3. John Hannay says :

    Re: schools in the downtown plan, the dilemma in all of this is that it’s hard to know at this time what will be needed in the way of schools. It depends on what type of housing gets built where, what the current enrollments are at the existing schools and what the ages of those students are, and what the capacities are for renovations and additions (which are generally less expensive) at existing facilities. That’s why the language that’s in the Plan was developed the way it was. Generally speaking it takes 3-5 years to plan and build a new school. Additions and renovations can be done more quickly. What’s important in the Plan is that the Board of Education controls when the process for building a new school starts and determines generally where land (if needed) has to be found. The school system has long-established formulas for anticipating when new schools or additions will be needed that are fairly adept at ensuring that facilities are present when needed. If a new high school is needed (not considered likely in the near future), there will generally be more lead time to prepare because when families move into new housing they tend to have younger children. I hope this helps further.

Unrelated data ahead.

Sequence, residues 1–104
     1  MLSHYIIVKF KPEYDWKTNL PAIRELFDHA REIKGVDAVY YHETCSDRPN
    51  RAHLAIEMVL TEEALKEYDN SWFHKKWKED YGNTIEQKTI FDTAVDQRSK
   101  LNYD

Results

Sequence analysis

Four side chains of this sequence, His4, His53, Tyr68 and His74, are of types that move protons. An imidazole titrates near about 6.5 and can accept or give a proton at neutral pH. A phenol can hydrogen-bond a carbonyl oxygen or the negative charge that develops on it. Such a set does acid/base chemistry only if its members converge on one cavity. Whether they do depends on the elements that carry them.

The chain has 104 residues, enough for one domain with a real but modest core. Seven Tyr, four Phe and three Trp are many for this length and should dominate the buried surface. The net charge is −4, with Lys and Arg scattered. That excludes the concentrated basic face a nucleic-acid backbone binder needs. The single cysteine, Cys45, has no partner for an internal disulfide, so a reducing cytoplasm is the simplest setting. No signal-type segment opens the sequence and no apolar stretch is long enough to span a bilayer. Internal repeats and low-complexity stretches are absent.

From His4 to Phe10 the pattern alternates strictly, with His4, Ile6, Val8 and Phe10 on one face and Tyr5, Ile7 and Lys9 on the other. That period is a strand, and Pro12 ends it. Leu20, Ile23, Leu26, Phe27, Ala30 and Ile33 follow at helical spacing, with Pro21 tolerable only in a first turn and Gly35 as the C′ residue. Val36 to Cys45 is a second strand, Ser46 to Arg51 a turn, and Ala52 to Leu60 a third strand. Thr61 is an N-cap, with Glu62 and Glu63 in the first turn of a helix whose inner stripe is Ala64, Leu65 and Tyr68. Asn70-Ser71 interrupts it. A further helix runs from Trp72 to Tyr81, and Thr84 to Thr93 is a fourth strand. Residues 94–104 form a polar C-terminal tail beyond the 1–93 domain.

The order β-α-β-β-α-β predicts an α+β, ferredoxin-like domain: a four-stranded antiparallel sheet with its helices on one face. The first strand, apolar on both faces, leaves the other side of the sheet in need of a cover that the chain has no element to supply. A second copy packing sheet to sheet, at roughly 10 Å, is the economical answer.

4. columbia2.0 says :

    Jon, thanks for the good questions and, Mr. Hannay, thanks for the information! It’s great to have answers from a first-hand source. It looks like there is enough information here to turn this into a blog post, as people seem to be very interested in this topic – as they should be.

  5. columbia2.0 says :

    One more thing: The units that are being constructed are, indeed, designed to attract young professionals, empty-nesters, and retirees – which do have a disproportionately low number of school-age children. No detached houses (which would be more conducive to larger families) are proposed.

    That said, it is a likely scenario that many young adults who have children over the next 15 years will move out of what will have been their “starter homes” and into larger units away from the denser downtown. In this case, the scenario pretty much ends there, since those families would be using those same schools regardless of where the parents lived as young professionals.

    And, BTW, here’s Item 10 in the Downtown Community Enhancements, Programs, and Public Amenities Implementation Chart (CEPPA Chart):
    “10. GGP shall, if deemed necessary by the Board of Education, reserve a school site or provide an equivalent location within Downtown Columbia.”

    So, we (collectively) have achieved what we (C2.0) think makes sense: we do not anticipate needing a site now, but if we do need it at some point, we’re covered.

    • John Hannay says :

      No problem…it’s my pleasure to share accurate information. BTW, don’t always assume that condos and townhouses don’t attract families with children. We’ve had a “boomlet” recently of families at Running Brook with young children living in townhouses and condos currently south of the Mall. Typically, they live in this housing while they get themselves established and then move on to larger housing, using buying from empty nesters and retirees who are downsizing in other neighborhoods.